Presentation on theme: "Believing What You Cannot See"— Presentation transcript:
1Believing What You Cannot See Atomic StructureBelieving What You Cannot See
2Early Models of the Atom Democritus (4th Century BC)Was the first to propose the idea of atoms.Not an experimental model.Dalton’s Atomic TheoryAll matter is composed of atomsAtoms of different elements differChemical change involves a rearrangement of atomsAtoms are indivisible
3What is an Atom?Atom= the smallest particle of an element that retains the properties of that element. The atom is the representative particle of any element.
4Just How Small is an Atom? If an apple was magnified to the size of the Earth, then the atoms in the apple would be approximately the size of the original apple.In 27 grams of aluminum there are 6.02 X 1023 atoms of aluminum (602,000,000,000,000,000,000,000 atoms)*This is equal to one mole of aluminum (avogodro’s number)!!
5What are the component particles that scientists have discovered within atoms?
6ElectronsElectrons = negatively charged subatomic particles with nearly zero mass.Located in orbitals within the electron cloud around the nucleusJ.J. Thomson experiment-cathode ray tube
7Cathode ray tube (CRT)Electrons were introduced to one end (cathode) and were flung to the opposite end (anode) producing the cathode ray (a beam of electons).At first, many thought it was light, but the ray in the tube could be deflected by magnets disproving it was light.Different metals and gases were used in the CRT, but the result was always the same; a cathode ray was produced.Scientists inferred that the particles making up the cathode ray were a part of all matter. This is how electrons were discovered.
9ProtonsProtons= positively charged subatomic particles (1,840 X the mass of an electron)Located in the nucleusWith the neutron, accounts for the mass of the atomHas a mass of nearly 1 a.m.u.
10NeutronsNeutrons = subatomic particles with no charge (mass nearly equal to a proton which is nearly 1 a.mu.)Located in the nucleusWith the proton, accounts for the mass of the atomChadwick confirmed the existence of the neutron (1932)
11The Atomic NucleusNucleus= the central core of the atom, is composed of protons and neutrons.Ernest Rutherford discovered the nucleus in his famous gold foil experiment. (video link)
12Rutherford’s Gold Foil Experiment Positively charged radioactive particles (alpha radiation) were shot at a thin piece of gold foil.Why did some of the alpha particles bounce back?Why did most of the alpha particles go through?What did these findings prove about the atom?
13The size of a nucleus to the electron cloud of an atom is similar to the size of one blade of grass in reliant stadium to the size of the stadium
14Distinguishing Between Atoms All atoms are composed of electrons, protons, and neutrons. Therefore, how do you differentiate between atoms?...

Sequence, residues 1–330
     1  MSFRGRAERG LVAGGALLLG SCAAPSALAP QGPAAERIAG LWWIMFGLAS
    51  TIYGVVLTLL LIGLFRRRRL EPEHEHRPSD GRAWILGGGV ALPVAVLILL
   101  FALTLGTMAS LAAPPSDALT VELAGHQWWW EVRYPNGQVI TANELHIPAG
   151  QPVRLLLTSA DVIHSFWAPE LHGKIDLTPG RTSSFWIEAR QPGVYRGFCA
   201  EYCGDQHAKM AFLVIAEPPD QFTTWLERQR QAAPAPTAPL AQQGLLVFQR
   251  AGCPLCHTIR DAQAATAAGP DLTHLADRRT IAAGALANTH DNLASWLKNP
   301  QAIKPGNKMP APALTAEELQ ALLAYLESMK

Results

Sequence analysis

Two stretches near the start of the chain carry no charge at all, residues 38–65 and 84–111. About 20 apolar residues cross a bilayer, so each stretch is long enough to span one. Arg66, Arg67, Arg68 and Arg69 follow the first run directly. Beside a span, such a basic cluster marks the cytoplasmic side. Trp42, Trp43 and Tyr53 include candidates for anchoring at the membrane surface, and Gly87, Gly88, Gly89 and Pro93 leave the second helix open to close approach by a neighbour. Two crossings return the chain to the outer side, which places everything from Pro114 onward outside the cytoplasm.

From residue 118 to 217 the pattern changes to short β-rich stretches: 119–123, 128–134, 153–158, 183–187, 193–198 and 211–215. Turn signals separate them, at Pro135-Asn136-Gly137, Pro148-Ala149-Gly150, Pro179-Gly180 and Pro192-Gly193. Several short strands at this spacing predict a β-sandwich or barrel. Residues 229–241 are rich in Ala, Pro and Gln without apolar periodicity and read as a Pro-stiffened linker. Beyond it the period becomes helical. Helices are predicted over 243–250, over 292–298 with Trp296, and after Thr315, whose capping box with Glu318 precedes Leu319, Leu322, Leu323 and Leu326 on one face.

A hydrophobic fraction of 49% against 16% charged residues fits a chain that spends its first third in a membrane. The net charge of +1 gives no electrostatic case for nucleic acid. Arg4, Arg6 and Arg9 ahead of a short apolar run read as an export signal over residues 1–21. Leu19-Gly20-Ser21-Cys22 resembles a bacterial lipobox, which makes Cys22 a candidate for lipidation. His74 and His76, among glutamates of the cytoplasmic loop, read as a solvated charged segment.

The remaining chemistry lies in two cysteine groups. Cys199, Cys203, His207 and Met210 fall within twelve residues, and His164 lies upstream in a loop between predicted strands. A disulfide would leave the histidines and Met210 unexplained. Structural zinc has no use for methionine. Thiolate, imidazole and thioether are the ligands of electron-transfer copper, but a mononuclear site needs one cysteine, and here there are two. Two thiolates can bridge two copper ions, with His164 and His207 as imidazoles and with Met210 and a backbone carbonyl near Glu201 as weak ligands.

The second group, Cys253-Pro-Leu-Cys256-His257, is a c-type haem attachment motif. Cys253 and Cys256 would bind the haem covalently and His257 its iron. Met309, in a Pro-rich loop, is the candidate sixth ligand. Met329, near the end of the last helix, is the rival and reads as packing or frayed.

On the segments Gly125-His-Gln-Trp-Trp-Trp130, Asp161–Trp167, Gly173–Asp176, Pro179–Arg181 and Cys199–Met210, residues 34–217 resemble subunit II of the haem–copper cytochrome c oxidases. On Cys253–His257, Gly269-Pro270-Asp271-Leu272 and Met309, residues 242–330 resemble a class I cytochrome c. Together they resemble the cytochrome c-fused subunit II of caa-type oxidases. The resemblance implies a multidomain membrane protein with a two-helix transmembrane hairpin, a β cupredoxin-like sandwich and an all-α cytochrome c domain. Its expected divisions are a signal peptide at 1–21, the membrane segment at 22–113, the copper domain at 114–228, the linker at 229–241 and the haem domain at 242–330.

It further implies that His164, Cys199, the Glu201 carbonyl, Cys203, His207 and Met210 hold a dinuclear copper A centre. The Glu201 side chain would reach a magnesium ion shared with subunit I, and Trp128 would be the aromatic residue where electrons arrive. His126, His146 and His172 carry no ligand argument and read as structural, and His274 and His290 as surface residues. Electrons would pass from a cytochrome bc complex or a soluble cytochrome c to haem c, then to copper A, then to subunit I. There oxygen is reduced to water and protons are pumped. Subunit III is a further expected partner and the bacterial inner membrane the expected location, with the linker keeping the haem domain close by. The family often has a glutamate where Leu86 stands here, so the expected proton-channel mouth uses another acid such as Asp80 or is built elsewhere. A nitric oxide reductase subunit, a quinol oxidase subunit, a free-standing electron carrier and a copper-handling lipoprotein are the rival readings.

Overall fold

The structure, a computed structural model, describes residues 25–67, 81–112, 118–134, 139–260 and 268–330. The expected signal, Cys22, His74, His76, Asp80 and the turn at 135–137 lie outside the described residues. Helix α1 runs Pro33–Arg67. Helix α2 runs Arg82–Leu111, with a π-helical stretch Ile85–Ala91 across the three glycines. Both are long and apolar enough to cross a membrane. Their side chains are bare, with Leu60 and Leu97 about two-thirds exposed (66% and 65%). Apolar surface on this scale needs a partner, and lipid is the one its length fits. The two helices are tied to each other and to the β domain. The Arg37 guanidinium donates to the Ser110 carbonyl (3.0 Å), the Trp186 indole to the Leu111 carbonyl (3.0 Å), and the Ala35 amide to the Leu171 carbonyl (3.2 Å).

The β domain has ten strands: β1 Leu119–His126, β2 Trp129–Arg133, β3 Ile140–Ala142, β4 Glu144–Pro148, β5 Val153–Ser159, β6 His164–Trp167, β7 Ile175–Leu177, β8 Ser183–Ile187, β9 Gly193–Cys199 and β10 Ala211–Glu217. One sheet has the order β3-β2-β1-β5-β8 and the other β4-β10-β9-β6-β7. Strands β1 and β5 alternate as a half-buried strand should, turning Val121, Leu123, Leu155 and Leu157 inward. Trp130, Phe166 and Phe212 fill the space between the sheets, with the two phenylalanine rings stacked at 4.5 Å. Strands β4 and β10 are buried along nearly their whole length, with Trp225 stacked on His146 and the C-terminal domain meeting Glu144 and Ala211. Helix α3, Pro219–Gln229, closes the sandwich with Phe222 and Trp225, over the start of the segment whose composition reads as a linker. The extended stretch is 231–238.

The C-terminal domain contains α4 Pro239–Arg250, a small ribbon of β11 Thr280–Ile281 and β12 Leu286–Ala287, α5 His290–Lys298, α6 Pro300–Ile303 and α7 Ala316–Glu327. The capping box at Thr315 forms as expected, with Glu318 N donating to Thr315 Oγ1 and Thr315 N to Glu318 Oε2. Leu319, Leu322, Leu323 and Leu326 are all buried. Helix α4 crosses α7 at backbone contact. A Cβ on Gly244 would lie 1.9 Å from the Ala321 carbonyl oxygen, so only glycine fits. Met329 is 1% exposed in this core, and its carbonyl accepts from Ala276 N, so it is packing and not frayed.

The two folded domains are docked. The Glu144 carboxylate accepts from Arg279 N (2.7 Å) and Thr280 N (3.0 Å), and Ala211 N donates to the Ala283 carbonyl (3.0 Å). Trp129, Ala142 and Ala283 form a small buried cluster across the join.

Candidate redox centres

15Atomic NumberEach element is different due to varying numbers of protonsAtomic Number = the number of protons in the nucleus of an atom.Example – because Oxygen has eight protons, the atomic number is eight(If it has eight protons, how many electrons are there? Why?)
16Atoms (with the exception of ions) do not have a charge, thus if you have 8 positively charged protons then you must have 8 negatively charged electrons8+ protons8- electrons0 charge
17IonCharged particle = atom that has lost or gained electrons * When an atom loses an electron a positive ion (cation) is formed * When an atom gains an electron a negative ion (anion) is formed
18PracticeBoron has an atomic number of 5, how many protons does it have? Electrons?Nitrogen has 7 electrons, how many protons does it have? What about neutrons? What is the net charge (total charge)?What is the net charge of an ion with 15 protons and 18 electrons?What is the charge of an ion with that had a -3 charge and then lost 2 electrons?
19Mass NumberMost of the mass of an atom is in the nucleus where the protons and neutrons are located.Mass Number = total number of protons + total number of neutronsIf you are given the number of protons and the mass number you can determine the number of neutrons- Ex. Determine the number of protons and neutrons in an atom of C-13
20Not all atoms of the same element have the same number of neutrons! IsotopesNot all atoms of the same element have the same number of neutrons!(These are called isotopes)
21IsotopesIsotopes = atoms that have the same number of protons but different numbers of neutrons (thus they have different mass numbers)Note: sometimes they refer to an isotope by it’s name and mass number-Example: Carbon-14 (how many neutrons does this particular isotope have?)
22Atomic MassAtomic Mass = average mass of the atoms in a naturally occurring sample of the element(The average mass includes the mass and the natural percent abundance of the different isotopes).
23Calculating Average atomic mass Knowing that the atomic mass is an average of the masses of it’s isotopes, you can calculate the atomic mass based on its abundance.Nitrogen-14 has an exact atomic mass of and has an abundance of 99.63%. Nitrogen-15 has an exact atomic mass of and has an abundance of 0.37%. Find its average atomic mass.
24Answer( x ) + ( x ) =On the periodic table, what is the average atomic mass of Nitrogen?